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RBI shareholders approve US$116,700,000 pay plan for executive chairman

Company received 74.5% support for the compensation plan for its named executive officers

Ottawa, Canada - December 16, 2021: Sign of Tim Hortons cafe in downtown of Ottawa, Canada. Tim Hortons is a popular canadian fast food restaurant.
Shareholders of Tim Hortons' parent company Restaurant Brands International (RBI) approved a compensation plan that will see executive chairman Patrick Doyle paid US$116.7 million over the next five years. (Getty Images)

Restaurant Brands International (QSR)(QSR.TO) shareholders have approved a compensation plan that will see executive chairman Patrick Doyle paid US$116.7 million over the next five years.

According to filings made with the Canadian securities regulator, RBI received 74.5 per cent support for the compensation plan for its named executive officers at its annual meeting of shareholders on Tuesday, while 25.5 per cent voted against the plan.

The support came following negative recommendations from two major proxy advisory firms. Institutional Shareholder Services Inc. (ISS) and Glass Lewis both released reports ahead of Tuesday's meeting highlighting concerns about the compensation package for Doyle, recommending that shareholders vote against the compensation plan.

Doyle, the former Domino's Pizza CEO who was appointed executive chairman of RBI in November, will not receive a salary or participate in the company's annual bonus program. However, his sign-on compensation package, which includes performance-based and time-vested stock options, will total US$116.7 million over a period of five years. RBI, the parent company of Tim Hortons, Burger King, Popeyes and Firehouse Subs, reports its financial results in U.S. dollars.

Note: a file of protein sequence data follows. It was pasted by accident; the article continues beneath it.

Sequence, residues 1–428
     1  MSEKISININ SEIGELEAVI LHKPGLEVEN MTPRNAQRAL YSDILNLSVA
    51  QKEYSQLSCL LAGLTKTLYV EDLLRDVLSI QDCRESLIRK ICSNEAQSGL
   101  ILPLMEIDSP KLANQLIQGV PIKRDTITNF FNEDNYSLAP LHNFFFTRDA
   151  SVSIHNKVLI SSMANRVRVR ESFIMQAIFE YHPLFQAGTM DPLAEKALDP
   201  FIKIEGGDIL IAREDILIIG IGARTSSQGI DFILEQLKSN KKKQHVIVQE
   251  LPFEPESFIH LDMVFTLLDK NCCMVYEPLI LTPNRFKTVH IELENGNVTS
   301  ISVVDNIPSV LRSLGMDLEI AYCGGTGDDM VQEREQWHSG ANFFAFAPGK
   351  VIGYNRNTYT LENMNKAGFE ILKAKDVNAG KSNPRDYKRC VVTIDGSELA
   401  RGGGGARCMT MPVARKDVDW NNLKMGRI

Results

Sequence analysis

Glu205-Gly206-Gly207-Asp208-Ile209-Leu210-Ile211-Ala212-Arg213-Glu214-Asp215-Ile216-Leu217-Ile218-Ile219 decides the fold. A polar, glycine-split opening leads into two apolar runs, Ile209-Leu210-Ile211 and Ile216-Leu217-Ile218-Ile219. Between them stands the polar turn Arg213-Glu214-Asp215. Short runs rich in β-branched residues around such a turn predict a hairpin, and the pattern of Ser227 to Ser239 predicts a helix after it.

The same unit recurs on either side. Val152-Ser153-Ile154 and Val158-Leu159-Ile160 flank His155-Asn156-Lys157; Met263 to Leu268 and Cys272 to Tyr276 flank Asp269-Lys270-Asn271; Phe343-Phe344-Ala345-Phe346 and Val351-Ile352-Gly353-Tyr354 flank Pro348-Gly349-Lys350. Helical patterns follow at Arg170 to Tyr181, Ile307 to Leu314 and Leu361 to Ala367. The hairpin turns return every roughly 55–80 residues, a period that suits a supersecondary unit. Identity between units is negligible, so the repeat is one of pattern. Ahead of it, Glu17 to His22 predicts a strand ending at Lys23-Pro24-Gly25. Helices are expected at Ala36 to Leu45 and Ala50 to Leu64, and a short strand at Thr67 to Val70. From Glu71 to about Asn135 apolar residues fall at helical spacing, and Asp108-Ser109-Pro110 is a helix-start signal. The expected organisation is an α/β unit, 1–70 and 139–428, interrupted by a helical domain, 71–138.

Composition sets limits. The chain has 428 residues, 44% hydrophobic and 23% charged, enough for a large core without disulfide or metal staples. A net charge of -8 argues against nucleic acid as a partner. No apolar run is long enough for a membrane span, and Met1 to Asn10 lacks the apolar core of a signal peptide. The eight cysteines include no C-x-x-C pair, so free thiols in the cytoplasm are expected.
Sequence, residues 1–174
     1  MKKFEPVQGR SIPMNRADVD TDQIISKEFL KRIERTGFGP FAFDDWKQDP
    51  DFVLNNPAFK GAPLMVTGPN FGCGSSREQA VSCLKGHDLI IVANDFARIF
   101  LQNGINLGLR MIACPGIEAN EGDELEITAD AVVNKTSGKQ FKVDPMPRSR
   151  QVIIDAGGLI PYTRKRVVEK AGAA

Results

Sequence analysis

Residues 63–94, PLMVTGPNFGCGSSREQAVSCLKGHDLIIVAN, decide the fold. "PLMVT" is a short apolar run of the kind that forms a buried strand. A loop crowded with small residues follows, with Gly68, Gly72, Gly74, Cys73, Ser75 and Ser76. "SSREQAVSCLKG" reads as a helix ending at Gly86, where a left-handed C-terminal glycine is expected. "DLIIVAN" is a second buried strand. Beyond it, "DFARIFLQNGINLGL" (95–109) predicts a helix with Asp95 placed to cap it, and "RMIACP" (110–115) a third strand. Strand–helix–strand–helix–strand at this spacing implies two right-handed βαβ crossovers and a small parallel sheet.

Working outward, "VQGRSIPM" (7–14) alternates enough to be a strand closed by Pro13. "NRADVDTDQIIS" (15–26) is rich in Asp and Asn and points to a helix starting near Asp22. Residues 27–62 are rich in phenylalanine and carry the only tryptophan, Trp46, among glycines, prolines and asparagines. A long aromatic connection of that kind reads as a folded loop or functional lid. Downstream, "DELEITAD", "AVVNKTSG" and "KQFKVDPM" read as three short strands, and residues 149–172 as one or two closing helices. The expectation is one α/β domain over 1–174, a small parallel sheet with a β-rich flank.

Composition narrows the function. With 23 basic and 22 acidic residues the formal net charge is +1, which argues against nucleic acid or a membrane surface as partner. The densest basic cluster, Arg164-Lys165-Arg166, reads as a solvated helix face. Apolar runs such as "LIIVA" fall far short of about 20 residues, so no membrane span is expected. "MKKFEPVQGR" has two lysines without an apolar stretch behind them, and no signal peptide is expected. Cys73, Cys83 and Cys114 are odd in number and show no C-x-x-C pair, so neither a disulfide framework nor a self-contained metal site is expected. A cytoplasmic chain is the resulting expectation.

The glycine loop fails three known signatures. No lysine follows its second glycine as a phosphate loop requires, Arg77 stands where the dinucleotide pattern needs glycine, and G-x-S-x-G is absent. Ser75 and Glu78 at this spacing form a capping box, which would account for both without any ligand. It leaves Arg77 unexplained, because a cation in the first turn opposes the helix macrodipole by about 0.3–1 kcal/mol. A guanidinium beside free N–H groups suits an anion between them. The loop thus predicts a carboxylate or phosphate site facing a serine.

ISS said in its report that there were "significant concerns raised by the size of the new executive chairman Doyle's equity awards," adding that the plan is nearly eight times the median total CEO pay at ISS-selected peers.

Glass Lewis also called the company's compensation practices "excessive" and raised concerns about Doyle's time-vested awards.

"Shareholders may reasonably question the Company's decision to grant approximately $65.1 million in solely time-based equity, of which a portion cliff vests at the end of five years, with the other portion vesting ratably over the next five years," the advisory firm said in its report.

RBI said in its proxy statement released ahead of Tuesday's annual meeting of shareholders that the board developed the compensation package "in order to attract Mr. Doyle to the role, which requires a significant commitment and investment of his time, and in light of other opportunities available to him."

RBI shareholders also voted in support of the 10 directors nominated to the company's board. Glass Lewis had recommended voting against four members of the board for a range of reasons, including Doyle's compensation package.

Alicja Siekierska is a senior reporter at Yahoo Finance Canada. Follow her on Twitter @alicjawithaj.

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